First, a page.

5 Games To Help Cope with Autistic Sensory Overload

By Laura Kate Dale on at

For individuals on the autistic spectrum like myself, there are sometimes situations where I want to be able to keep myself calm, but worry about the social consequences of doing so. Like many autistic people, I engage in self-stimulating behaviour (“stimming”), which is basically a series of repetitive movements designed to instil a sense of control and routine into a stressful or unfamiliar environment.

It’s why you’ll sometimes see autistic individuals rock back and forth, flap their hands, or make other similar repetitive movements when experiencing an excess of emotion, positive or negative. In a world that gets overwhelming, it’s a way to introduce predictable sensory information to the world, and it’s the core concept that things like Fidget Cubes are based around.

Still, sometimes I just want to be able to stim inconspicuously. It’s not that visible stimming is a bad thing by any means, but I know people who don’t know me will feel the need to ask if I am okay and make a big deal of my stimming, which sometimes I just don’t want to deal with. In these situations, it’s really useful to have covert tools.

Possibly the most useful covert stimming tool around is a smartphone, a device that’s societally acceptable to sit fiddling with in busy situations. As such, I decided to put together a list of some of my favourite video games that can help scratch that stimming itch, without encouraging people to ask you to explain autism to them.

All of the following games are playable without game audio, and none of them are balanced to push microtransactions on those prone to addictive behaviours.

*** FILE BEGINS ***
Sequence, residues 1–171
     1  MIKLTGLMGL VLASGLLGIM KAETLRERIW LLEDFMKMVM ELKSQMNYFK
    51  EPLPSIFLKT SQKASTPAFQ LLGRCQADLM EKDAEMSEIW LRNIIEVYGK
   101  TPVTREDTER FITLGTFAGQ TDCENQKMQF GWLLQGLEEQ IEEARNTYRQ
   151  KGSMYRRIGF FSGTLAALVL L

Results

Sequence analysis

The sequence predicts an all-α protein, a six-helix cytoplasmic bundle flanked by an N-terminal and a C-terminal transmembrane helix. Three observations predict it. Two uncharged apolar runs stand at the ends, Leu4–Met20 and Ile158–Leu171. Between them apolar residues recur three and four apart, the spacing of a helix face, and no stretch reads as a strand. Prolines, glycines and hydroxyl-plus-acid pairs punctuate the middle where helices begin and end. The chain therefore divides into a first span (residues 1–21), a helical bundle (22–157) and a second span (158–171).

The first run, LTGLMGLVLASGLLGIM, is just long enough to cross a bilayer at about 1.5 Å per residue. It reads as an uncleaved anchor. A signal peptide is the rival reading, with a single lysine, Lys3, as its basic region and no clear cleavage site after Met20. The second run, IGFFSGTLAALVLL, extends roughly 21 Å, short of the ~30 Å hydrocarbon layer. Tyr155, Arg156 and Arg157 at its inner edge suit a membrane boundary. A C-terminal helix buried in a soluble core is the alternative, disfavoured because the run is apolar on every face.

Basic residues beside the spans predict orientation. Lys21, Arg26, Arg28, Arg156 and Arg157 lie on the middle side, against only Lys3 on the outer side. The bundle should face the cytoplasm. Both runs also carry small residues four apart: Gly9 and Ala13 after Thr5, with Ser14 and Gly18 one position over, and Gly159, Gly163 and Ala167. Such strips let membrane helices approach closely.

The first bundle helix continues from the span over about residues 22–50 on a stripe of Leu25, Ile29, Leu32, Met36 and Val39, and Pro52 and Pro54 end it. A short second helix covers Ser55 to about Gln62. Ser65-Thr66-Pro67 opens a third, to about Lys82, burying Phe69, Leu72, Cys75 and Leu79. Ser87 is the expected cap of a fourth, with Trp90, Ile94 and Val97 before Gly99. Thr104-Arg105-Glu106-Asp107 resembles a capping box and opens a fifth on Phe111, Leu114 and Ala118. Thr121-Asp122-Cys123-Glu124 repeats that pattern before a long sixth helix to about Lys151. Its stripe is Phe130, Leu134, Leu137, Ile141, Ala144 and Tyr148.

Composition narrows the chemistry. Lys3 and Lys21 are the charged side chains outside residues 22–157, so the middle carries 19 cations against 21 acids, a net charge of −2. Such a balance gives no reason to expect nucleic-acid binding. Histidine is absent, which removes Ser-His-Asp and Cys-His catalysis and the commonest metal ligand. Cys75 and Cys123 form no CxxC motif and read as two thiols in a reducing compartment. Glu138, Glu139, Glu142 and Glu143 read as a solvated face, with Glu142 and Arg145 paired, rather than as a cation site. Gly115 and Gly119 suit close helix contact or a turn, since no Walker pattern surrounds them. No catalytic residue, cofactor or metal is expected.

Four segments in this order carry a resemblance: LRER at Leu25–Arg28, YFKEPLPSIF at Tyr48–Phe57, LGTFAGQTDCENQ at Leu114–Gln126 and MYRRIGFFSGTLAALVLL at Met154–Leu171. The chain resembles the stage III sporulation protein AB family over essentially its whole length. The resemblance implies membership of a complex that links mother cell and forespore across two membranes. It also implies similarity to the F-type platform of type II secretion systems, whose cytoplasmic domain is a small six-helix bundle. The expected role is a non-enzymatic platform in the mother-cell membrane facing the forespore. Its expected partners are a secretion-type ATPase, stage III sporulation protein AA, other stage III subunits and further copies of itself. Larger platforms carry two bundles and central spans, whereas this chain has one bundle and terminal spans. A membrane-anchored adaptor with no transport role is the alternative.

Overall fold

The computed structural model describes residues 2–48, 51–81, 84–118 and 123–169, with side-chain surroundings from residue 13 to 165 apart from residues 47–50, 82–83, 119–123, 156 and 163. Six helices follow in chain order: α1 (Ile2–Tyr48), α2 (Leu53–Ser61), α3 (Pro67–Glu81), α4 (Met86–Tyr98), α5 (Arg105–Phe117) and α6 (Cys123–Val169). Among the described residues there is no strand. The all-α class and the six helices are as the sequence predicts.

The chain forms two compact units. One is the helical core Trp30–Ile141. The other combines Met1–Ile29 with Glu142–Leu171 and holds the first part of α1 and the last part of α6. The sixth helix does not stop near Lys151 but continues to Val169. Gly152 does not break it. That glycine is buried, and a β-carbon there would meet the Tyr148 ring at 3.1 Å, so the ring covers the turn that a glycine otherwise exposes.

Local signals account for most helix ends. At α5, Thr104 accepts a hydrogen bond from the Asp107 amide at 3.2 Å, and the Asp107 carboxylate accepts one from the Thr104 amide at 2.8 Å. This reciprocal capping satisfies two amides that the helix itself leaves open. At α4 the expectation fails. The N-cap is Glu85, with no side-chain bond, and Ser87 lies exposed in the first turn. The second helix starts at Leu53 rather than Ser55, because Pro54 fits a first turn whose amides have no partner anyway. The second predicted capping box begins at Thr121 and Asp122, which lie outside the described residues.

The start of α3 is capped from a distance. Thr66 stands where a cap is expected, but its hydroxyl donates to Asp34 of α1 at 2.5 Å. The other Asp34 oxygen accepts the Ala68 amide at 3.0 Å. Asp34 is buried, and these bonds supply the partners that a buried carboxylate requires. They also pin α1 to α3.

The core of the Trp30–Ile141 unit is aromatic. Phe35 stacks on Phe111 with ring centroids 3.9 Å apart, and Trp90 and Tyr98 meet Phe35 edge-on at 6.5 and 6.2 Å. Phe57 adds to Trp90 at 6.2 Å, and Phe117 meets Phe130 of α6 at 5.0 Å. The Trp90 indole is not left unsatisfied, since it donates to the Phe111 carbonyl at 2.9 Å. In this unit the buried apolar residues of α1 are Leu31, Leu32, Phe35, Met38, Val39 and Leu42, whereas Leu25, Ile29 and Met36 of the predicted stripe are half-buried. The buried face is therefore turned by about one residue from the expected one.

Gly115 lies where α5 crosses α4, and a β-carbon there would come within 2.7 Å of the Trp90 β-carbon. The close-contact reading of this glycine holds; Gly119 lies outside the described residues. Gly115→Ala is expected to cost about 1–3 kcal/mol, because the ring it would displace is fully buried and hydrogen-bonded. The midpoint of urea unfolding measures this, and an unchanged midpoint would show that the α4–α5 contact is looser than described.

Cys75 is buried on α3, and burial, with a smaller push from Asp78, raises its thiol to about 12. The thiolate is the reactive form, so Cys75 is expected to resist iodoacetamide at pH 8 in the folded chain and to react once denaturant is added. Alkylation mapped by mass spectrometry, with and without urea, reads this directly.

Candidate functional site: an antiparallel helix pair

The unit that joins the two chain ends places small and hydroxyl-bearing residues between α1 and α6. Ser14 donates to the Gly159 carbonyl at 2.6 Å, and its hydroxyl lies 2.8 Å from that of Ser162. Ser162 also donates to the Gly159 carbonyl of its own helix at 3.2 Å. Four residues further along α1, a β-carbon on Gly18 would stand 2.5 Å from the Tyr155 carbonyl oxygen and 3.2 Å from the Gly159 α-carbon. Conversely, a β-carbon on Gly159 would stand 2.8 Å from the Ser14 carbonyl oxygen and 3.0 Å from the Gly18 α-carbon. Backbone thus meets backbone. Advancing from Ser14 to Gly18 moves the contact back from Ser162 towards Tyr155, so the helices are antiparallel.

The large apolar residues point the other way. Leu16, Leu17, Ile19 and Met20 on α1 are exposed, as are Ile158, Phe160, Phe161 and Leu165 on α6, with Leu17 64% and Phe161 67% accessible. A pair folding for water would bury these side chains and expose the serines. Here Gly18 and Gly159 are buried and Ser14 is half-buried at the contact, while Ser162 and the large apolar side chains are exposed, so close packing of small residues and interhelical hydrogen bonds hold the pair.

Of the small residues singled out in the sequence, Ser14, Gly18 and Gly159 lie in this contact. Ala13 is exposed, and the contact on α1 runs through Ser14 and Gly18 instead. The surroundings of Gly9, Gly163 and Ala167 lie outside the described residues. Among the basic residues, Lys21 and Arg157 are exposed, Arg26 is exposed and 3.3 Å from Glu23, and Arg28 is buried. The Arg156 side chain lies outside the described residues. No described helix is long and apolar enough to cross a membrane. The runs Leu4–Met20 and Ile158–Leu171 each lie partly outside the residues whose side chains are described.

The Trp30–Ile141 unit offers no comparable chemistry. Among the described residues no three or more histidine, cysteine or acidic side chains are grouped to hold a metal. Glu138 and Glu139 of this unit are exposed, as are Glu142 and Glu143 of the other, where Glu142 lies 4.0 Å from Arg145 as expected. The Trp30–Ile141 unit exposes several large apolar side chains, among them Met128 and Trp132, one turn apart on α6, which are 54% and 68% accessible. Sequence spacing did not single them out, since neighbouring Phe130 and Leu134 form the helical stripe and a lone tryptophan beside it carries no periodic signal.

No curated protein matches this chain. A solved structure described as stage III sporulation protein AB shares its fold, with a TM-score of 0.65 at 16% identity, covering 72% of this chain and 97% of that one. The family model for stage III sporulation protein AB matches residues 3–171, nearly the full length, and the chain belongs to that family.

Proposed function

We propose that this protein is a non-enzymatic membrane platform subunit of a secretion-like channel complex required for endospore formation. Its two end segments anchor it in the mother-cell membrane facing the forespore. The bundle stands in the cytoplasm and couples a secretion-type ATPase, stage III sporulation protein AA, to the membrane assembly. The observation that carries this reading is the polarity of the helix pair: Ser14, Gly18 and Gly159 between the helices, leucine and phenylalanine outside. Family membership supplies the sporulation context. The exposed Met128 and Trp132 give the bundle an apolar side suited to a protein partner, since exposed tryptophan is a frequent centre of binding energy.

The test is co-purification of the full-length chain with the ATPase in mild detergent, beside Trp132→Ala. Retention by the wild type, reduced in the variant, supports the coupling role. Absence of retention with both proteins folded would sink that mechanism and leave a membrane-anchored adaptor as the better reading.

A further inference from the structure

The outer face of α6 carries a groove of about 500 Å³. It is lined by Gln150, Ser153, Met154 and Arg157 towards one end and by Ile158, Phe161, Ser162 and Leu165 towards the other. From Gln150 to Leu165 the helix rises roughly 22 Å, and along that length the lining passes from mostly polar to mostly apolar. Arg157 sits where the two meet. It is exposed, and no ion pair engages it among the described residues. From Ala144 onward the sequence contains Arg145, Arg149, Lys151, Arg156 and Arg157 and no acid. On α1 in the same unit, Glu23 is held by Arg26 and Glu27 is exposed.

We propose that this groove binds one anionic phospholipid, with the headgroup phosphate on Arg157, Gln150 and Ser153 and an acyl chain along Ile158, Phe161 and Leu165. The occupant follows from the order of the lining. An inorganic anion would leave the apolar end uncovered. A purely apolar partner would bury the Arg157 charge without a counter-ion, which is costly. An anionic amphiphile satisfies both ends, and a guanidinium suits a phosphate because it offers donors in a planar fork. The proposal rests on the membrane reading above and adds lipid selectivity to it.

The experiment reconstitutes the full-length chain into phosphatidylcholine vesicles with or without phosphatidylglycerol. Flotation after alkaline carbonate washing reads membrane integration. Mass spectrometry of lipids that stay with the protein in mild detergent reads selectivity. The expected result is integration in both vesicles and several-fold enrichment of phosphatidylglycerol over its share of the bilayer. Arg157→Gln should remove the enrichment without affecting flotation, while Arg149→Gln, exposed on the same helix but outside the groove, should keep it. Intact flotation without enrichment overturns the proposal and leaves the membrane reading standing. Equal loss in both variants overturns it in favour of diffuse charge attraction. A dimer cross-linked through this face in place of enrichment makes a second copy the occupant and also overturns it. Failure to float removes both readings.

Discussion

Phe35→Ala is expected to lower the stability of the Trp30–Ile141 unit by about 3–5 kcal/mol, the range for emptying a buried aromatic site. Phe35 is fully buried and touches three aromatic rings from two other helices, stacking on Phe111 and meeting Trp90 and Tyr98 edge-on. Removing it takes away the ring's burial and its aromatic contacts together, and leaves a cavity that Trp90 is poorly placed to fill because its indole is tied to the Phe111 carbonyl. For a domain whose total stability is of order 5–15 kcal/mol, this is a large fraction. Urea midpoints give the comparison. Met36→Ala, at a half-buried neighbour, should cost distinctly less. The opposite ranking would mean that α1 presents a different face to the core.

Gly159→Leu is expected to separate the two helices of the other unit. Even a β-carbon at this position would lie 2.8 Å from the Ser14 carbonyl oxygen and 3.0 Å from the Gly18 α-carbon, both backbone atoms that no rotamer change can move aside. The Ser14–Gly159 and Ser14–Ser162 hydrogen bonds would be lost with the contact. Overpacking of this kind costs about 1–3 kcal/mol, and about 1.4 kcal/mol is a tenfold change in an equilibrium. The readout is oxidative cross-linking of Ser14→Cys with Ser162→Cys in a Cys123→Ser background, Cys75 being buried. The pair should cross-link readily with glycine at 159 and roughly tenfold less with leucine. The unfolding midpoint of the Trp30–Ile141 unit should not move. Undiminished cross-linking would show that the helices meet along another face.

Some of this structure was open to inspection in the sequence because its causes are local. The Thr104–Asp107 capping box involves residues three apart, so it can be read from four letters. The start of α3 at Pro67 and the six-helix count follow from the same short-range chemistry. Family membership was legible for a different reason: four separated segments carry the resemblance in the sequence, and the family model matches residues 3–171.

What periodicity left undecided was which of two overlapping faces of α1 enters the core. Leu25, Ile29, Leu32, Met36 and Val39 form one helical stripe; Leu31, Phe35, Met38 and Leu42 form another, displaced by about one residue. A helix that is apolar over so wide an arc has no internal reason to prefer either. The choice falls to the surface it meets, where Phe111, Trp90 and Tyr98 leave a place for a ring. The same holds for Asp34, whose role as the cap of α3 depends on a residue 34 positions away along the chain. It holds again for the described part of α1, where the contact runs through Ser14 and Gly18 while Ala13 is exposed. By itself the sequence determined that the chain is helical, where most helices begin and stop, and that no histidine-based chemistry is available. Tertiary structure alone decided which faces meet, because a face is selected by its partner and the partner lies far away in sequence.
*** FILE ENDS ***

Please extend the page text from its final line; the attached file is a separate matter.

Magikarp Jump

Themed around training the world’s biggest underdog Pokémon to be the best useless flopping fish it can be, Magikarp Jump has a really satisfying gameplay loop with multiple types of interactions to engage with. Collect fruit, collect coins, activate your Pokémon to bring in more coins and fruit, spend the coins to get better fruit, activate a number of training missions, fight other magikarp, return to the start of the cycle.

The experience kind of goes nowhere, but that’s okay: fill bars and get the feeling of progression while following one very solid routine loop; get occasional small upgrades that all fit within the predictable structure of the game; get little bits of cute lore about a Pokémon that just wants to be loved for who it is, not who it will be.

It’s ultimately just a tapper / clicker game, but one with a lot of heart, different gameplay loops to switch between, and no pressure to buy things with real money. The perfect way to satisfy a tapping-with-repetitive-movement-patterns stim itch.

Threes / 2048

While people will always have their personal preference between Threes and 2048, both serve a very similar purpose if you’re looking for stimming aids: swipe squares in one of two directions, with the squares combining if swiped the correct way. It’s just two simple axes, two basic movements, and a repeated goal to combine matching numbers with each other. If you need to be swiping something, or adding things together, Threes and 2048 are big enough cultural touchstones that nobody will bat an eyelid at their use.

Compulsive

While the name is a little unfortunate given the list it’s appearing on, Compulsive is a very satisfying game for visual stimming. A game of matching coloured squares, when played in zen mode it provides a visual focus on colours, patterns, matching and routine that can be really helpful for tuning out visual sensory overload.

Flow Free

Flow Free, a simple game about connecting coloured notes using lines, is a simple, low-energy game that satisfies the urge to connect data points and complete sets of information, with set, finite end goals. It’s calm, relaxed, and works really nicely if you just need to be assembling things over and over for a little bit.

Timberman

The most mechanically simple of the games on this list, Timberman sees you chop down an impossibly high tree by just tapping on it over and over. It’s cute, it requires little thought, and is just about watching a repetitive visual while a number rises.


I’d love to see some recommendations in the comments, because god knows I could use more stealth stimming games in my life.